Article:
In surveying some of the Elements in the Background Knowledge chapters, Petterson incorrectly says I argue that the early Christians were “schizophrenics suffering from hallucinations.” This is a polemical mistake I have encountered before, usually from fundamentalists who are offended at any suggestion the Apostles hallucinated encounters with their god, despite the fact that the leaders and founders of nearly every other religion on earth did (or claimed to do). In other words, saying the early Christians experienced hallucinations and believed them, makes them normal in the history of world religions.
But what’s incorrect here is that she has the science wrong. Even though I am careful to explain the science—and extensively cite the scientific literature backing it up. First, I do not say the early Christians were “schizophrenics.” To the contrary, I devote several paragraphs (citing several works on the underlying science) to explaining the difference between “schizophrenia” and “schizotypal personality,” and why the one is a mental illness and the other is not, but in fact widely documented as commonplace in human populations (OHJ, pp. 126, 128), particularly in religions that declare visions and revelations their primary access to the divine, as the Epistles well-document the first Christians did (the evidence of the first Christians being schizotypal is extensive: OHJ, pp. 134-37; Petterson never mentions this evidence, and certainly offers no critical response to it; nor does she mention my citation of biblical scholars who agree with me on this). Second, because being schizotypal is not an illness, there is no sense in which they “suffer from” hallucinations. That simply pejoratively dismisses the experiential reality of their lives, mischaracterizing them as ill, which is contrary to the science—the science I explained and cited.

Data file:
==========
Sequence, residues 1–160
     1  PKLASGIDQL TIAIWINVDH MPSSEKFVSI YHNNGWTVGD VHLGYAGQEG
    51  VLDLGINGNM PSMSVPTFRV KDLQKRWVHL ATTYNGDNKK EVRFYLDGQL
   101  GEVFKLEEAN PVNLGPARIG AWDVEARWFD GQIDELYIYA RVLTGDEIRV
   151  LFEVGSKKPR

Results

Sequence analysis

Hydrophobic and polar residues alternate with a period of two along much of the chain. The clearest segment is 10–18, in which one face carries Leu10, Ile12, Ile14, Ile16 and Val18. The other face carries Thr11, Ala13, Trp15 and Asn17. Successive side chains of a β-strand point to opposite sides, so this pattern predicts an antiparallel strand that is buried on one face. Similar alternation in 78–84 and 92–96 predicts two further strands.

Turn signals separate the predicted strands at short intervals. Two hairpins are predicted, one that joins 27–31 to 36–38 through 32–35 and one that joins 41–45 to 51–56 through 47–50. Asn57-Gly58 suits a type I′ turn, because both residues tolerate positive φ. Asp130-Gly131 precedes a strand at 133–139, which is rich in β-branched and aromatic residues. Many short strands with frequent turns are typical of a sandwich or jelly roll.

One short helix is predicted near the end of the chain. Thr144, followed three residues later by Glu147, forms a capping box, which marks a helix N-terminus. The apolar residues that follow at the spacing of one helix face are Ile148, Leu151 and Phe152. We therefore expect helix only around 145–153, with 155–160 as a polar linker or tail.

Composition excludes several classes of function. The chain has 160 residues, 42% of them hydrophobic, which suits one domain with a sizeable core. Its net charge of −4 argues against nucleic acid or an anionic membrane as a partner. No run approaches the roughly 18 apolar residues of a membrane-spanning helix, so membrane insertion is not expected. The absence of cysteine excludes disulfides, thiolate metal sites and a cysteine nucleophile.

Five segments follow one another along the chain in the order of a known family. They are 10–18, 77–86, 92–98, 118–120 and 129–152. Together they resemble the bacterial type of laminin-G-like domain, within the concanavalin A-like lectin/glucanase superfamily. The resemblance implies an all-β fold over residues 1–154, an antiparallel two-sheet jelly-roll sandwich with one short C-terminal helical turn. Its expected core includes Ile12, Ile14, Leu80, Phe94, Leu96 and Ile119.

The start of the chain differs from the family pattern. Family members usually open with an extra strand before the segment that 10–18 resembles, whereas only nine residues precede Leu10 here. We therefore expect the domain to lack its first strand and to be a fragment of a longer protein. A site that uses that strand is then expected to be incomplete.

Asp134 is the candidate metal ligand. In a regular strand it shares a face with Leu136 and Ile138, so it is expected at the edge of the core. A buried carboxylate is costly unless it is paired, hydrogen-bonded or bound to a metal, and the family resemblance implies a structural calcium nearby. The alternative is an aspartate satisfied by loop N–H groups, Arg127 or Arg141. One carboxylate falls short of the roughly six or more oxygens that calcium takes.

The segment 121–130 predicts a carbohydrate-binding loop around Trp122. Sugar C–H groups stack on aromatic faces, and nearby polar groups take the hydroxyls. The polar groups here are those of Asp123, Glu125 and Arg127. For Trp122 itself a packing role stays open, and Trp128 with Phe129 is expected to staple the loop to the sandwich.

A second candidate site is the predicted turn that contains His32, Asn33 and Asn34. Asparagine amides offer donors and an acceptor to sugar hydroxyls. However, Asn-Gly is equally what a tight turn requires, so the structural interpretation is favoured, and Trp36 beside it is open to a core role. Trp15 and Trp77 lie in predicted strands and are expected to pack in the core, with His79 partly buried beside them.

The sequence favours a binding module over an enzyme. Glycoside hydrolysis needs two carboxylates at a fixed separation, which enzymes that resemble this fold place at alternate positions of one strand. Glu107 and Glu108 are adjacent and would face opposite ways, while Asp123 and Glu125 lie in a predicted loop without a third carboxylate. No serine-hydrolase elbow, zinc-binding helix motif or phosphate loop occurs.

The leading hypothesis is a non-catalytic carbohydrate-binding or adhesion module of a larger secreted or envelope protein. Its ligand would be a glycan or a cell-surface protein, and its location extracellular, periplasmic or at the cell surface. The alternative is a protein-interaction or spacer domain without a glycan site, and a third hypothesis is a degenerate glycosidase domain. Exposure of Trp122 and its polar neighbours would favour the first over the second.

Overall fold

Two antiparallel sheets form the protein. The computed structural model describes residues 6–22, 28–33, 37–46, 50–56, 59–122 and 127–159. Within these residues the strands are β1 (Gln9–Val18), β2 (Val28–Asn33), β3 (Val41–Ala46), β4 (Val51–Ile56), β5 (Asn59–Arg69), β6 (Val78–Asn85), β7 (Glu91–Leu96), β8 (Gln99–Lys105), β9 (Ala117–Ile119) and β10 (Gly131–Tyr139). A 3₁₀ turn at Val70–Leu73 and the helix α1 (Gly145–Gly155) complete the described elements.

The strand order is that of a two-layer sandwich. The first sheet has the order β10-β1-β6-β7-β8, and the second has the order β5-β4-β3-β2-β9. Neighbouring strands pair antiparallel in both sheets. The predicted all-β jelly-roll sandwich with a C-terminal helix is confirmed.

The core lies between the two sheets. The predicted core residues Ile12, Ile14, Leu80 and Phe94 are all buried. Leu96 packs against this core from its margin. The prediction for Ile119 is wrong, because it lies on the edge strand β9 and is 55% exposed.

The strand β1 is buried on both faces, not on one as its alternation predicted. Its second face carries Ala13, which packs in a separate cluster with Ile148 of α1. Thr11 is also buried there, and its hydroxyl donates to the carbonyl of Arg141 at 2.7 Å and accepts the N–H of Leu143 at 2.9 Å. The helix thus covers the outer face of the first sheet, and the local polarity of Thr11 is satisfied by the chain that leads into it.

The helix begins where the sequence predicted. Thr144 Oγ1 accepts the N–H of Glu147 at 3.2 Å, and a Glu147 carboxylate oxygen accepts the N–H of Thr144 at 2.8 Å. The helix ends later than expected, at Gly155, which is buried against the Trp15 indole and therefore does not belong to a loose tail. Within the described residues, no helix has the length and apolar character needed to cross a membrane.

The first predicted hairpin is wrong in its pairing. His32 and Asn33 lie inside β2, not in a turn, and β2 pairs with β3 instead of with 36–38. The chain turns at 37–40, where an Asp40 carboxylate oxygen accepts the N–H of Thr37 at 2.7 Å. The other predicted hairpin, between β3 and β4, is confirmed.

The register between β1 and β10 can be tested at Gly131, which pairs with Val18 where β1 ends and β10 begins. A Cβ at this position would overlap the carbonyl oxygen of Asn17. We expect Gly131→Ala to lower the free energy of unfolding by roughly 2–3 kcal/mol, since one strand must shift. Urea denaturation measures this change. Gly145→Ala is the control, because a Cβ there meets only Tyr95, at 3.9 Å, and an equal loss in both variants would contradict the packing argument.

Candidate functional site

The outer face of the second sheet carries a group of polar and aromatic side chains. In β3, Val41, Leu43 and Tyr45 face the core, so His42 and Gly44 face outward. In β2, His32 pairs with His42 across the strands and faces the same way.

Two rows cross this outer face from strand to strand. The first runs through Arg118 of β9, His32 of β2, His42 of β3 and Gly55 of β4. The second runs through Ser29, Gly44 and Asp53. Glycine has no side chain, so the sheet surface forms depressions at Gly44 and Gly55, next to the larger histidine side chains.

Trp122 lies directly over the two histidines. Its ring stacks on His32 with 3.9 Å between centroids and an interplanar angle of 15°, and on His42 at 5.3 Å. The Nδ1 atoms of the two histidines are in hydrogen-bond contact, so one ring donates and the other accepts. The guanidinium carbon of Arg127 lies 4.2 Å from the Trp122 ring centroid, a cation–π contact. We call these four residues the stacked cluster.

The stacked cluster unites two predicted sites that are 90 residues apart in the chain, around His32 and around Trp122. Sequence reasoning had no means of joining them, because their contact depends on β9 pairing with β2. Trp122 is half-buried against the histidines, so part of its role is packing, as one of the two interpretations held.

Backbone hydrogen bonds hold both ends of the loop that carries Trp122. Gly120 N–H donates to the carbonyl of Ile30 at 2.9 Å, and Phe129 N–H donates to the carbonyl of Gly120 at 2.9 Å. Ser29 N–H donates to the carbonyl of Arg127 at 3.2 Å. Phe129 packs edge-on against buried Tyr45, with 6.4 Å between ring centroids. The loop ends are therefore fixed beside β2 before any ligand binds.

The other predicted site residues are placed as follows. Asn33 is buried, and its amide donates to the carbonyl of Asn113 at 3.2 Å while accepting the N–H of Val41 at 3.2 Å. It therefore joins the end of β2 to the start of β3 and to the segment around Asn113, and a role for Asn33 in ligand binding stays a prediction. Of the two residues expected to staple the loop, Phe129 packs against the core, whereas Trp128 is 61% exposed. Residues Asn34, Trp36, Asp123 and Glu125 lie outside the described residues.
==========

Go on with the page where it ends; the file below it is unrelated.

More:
Here is just an example of what my book actually says about this, quoting the actual scientific literature (OHJ, pp. 128-29):
In fact, normals with a high propensity for hallucination have been identified as schizotypal, meaning they hallucinate nearly as easily as schizophrenics do but are not so prone to it as to be disabled. A schizotypal is ‘a relatively well-adjusted person who is functional despite, and in some cases even because of, his or her anomalous perceptual experiences’.[scholarship cited] Hallucination in schizotypals in fact has been shown to reduce their anxiety and thus has a positive personal function. In modern cultures a prevalent hostile attitude toward hallucinatory behavior still often drives schizotypals to become loners (because they are characterized as weirdos or insane and there is no recognized place for them), but in cultures that embrace hallucinators we see the opposite. For example, where we find cults that socially integrate schizotypals or even elevate them to positions of leadership, we find that schizotypals begin to congregate and socialize.[scholarship cited] In fact, culture determines how easily and frequently even normals will hallucinate, as well as how accepted and revered schizotypals will be.[scholarship cited] Modern ‘first world’ cultures are actually profoundly atypical among world cultures in stigmatizing and suppressing hallucinatory tendencies.[scholarship cited] As scientific observers have concluded, ‘the folk theory of visions and voices adopted by a culture may be important in determining whether a hallucination is viewed as veridical or as evidence of insanity’, which in turn greatly affects the commonality and acceptance of hallucination within a population.